5 common gym mistakes and how to avoid them


Tired in the gym

EVERYONE starts as a beginner.

Yep, that guy squatting 4 plates each side. He started struggling to coordinate a squat.

The same goes for that guy benching 3 plates each side. He started just using the bar.

But as we get comfortable in a gym environment, we learn the basics, we understand gym etiquette and we realise what happens when we leave equipment left out and not put away.

But even once you’re considered a regular at the gym, you can still make mistakes.

Mistakes that could stall your progress; leave you feeling deflated, exhausted and wanting to throw in the towel.

Below are 5 common mistakes that I’ve witnessed in the gyms I’ve worked/trained in and how you can avoid these 5 common mistakes too:

Beginner Weight Room


  1. Too much too soon

When you first start your fitness journey, your motivation, determination and enthusiasm to succeed is really high.

Which is awesome.

But reel the reigns in a bit first.

You don’t need to be training chest 4 times per week to make sure you “hit every fibre”, you also don’t need to be performing drop sets on your biceps “to feel the burn”.

You don’t need to be doing 8 different exercises for your chest, it’ll grow perfectly fine with 2-4 exercises.

You also don’t need to train legs to the point where you can’t sit down without letting out a silent scream for a week.

You’re new to the gym, you’re going from never training a single body part, to training every body part, you’ll be making progress regardless of the frequency.

Save the advanced methods for in a few years when progress is stalled.

How to avoid this:

Start off training your muscle groups once per week for a month or two, with the aim of increasing the weight, sets or reps on each exercise.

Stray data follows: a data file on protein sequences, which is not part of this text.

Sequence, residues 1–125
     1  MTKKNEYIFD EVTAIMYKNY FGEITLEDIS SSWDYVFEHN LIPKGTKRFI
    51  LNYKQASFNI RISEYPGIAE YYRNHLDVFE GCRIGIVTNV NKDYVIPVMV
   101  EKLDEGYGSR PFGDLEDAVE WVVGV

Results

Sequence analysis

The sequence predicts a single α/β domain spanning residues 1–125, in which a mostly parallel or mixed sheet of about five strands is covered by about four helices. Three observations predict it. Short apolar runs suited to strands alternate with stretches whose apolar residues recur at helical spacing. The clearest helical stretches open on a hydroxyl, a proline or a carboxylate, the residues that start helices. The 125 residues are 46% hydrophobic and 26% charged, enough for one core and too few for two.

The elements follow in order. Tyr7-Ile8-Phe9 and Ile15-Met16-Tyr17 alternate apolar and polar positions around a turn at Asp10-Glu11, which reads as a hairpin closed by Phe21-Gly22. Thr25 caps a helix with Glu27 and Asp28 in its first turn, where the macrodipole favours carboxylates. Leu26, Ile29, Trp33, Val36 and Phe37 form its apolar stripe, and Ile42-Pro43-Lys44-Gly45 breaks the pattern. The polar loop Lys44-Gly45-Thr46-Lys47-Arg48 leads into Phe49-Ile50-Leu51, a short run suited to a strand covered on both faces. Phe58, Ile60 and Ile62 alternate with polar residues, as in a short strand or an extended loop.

Once that stops working, look to increase the number of times per week you train a muscle group, so move up to training legs, chest or back twice per week.

When you’re a beginner, you can progress pretty rapidly from doing just about anything, so focus on proper technique and an amount of training that you can effectively recover from.

Tired in the gym


  1. Chasing weight not technique

People quarter squatting.

People not touching their chest when benching.

People only going down half way on a pull up.

You’ve probably seen things like this in most gyms, and it usually stems from the beginning point of entering a gym.

If you focus on chasing weight on the bar on movements you haven’t correctly learned, then the chances are that you could end up letting your ego get the better of you and end up half repping your movements, or worse, getting injured.

It’s FAR easier to learn correct technique at the beginning of your journey, than to unlearn a bad technique and re-learn the correct technique.

How to avoid this:

Go to the gym with a friend who knows their stuff, who can correctly advise you on correct form. If you’re out of luck with that, there are plenty of great personal trainers that are always willing to lend a hand, pay for their services, the cost will pay dividends in the future, and take a lot of guess work out of the equation for you.